While the volume of capital required to achieve this is unprecedented, so is the speed of the transition. Some companies face the prospect of doubling or tripling their capital deployment levels within a few short years.

At the same time, roadblocks are stacking up. High interest rates and inflation are driving up project costs. Lead times and costs are being stretched by limited supplies of equipment, materials, and talent. Public sentiment and the regulatory environment are growing more complex, with a patchwork of policies around the world, sometimes with competing agendas. Nascent energy transition technologies are encountering scaling challenges as early estimates meet the realities of capital deployment and construction.

This leaves ENR companies exposed. With large projects often running 15% to 20% over budget, about $1.5 billion of capital will be at risk each year for the average power, oil and gas, or mining company through 2030, according to Bain & Company analysis of top companies’ planned investments (see Figure 1). That has serious ramifications for the world’s timeline to reach net-zero carbon emissions and for each company’s return on capital deployed. It’s no surprise that ENR executives are feeling intensifying pressure from shareholders, governments, and local communities to keep projects on track.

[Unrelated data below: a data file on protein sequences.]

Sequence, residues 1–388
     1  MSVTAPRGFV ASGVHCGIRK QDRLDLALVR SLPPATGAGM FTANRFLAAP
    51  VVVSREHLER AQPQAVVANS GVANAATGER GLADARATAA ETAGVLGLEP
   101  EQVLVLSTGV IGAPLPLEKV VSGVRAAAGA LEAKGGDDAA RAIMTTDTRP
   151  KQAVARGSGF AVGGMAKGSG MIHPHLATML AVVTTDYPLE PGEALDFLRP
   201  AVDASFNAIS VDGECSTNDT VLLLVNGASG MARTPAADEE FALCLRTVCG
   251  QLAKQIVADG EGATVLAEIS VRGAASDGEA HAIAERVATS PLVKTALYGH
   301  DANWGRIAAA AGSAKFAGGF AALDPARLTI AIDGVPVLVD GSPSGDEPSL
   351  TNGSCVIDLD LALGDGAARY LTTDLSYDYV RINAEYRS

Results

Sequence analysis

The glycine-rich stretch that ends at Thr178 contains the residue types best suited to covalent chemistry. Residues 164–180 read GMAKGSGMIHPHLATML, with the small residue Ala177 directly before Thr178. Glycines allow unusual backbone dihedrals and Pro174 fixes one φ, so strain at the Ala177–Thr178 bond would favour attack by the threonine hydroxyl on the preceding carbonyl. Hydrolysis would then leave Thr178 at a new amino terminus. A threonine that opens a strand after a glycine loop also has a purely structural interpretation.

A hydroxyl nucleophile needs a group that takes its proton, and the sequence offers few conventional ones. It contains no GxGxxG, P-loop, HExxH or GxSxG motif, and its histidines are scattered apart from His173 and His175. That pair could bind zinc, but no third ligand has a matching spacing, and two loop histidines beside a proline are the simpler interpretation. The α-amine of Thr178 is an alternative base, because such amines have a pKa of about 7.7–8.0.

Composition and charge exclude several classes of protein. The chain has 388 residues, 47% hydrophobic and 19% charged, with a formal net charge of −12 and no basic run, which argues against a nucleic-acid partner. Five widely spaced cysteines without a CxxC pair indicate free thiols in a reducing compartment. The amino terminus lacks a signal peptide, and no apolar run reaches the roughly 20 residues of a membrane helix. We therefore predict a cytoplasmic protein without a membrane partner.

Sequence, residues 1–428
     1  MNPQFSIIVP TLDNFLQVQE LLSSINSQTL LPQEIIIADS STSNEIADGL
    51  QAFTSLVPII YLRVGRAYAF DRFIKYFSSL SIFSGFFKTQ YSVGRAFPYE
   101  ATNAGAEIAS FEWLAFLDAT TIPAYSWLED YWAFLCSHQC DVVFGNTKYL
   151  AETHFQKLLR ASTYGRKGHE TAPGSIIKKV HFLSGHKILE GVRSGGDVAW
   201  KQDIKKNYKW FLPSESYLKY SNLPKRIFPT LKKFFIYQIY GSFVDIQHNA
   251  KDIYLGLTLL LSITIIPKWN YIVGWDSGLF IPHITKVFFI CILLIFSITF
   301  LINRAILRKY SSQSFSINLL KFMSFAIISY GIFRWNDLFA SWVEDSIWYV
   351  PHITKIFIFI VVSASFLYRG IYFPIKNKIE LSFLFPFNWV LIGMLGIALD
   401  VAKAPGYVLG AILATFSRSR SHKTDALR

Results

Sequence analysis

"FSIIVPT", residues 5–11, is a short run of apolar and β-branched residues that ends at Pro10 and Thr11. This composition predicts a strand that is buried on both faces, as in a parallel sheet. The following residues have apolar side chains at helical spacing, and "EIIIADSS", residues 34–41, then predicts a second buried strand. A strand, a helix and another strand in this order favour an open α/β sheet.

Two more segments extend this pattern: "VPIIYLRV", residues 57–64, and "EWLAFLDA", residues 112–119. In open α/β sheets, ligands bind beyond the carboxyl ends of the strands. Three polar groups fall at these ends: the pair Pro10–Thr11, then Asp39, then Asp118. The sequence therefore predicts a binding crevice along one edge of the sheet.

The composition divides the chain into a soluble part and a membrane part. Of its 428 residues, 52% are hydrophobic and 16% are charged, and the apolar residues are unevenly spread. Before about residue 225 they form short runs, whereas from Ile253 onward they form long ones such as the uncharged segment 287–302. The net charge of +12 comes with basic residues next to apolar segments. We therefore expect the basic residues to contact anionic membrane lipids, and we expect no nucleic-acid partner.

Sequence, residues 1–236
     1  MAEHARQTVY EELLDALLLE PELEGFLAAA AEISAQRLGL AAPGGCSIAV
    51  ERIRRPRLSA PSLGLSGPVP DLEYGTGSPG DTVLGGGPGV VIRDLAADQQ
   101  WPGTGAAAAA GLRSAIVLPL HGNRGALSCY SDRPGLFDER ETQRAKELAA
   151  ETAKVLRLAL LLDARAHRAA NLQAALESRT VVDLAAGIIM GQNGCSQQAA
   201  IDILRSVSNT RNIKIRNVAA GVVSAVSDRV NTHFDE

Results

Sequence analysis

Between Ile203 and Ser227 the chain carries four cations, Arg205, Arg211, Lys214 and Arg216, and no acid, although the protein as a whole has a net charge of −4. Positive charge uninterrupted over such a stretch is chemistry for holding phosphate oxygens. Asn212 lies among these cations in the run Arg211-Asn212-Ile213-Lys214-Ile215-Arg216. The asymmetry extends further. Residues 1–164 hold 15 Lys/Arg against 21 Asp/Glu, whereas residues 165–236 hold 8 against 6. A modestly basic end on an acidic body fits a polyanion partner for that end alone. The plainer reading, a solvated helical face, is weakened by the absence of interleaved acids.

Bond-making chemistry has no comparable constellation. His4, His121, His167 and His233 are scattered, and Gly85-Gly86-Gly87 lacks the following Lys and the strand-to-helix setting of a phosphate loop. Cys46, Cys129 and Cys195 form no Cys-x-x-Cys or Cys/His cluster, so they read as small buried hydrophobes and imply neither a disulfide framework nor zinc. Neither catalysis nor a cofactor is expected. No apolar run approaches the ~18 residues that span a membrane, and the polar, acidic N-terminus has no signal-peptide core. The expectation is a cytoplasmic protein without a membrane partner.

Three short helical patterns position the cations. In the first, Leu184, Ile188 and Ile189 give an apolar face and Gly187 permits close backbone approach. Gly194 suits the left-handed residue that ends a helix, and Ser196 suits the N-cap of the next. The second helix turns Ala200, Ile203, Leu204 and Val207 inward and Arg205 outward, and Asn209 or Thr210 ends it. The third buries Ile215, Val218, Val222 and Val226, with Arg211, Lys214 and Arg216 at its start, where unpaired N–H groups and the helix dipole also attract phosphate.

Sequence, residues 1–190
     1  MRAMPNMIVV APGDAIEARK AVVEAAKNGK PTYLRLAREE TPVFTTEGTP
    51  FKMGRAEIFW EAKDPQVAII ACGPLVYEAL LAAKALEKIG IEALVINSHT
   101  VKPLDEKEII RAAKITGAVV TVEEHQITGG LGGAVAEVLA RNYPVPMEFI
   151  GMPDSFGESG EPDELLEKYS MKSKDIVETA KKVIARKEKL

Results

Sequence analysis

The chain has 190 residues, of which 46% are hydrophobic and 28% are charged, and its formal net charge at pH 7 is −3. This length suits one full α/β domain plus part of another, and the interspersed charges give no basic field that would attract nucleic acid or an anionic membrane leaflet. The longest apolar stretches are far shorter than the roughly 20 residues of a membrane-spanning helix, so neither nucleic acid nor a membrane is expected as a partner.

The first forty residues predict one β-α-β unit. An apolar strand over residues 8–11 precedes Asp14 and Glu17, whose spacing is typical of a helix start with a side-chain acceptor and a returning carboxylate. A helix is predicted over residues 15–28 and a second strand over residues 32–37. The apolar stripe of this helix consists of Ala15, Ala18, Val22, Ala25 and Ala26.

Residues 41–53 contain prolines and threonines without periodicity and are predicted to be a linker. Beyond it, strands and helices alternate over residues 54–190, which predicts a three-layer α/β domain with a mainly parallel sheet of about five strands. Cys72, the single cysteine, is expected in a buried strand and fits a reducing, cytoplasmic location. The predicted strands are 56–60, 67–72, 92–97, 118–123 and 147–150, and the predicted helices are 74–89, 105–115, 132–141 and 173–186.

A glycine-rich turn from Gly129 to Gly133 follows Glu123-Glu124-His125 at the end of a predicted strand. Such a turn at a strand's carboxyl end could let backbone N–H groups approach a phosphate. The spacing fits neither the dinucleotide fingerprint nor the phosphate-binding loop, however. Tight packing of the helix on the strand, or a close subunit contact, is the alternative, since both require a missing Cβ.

Figure 1

Project cost overruns will put about $1.5 billion of capital at risk each year for power, oil and gas, and mining companies

Companies will have to take bold action to navigate the wave of capital projects in motion amid this more complex global landscape.

Some of the answers to these challenges are known, and many ENR companies are already implementing them: resetting relationships with suppliers, making purchases more strategically and proactively, deploying Agile ways of working in the project development and delivery phases. But leading companies are now going further and rethinking the long-held model used to facilitate capital delivery: the project stage-gate process.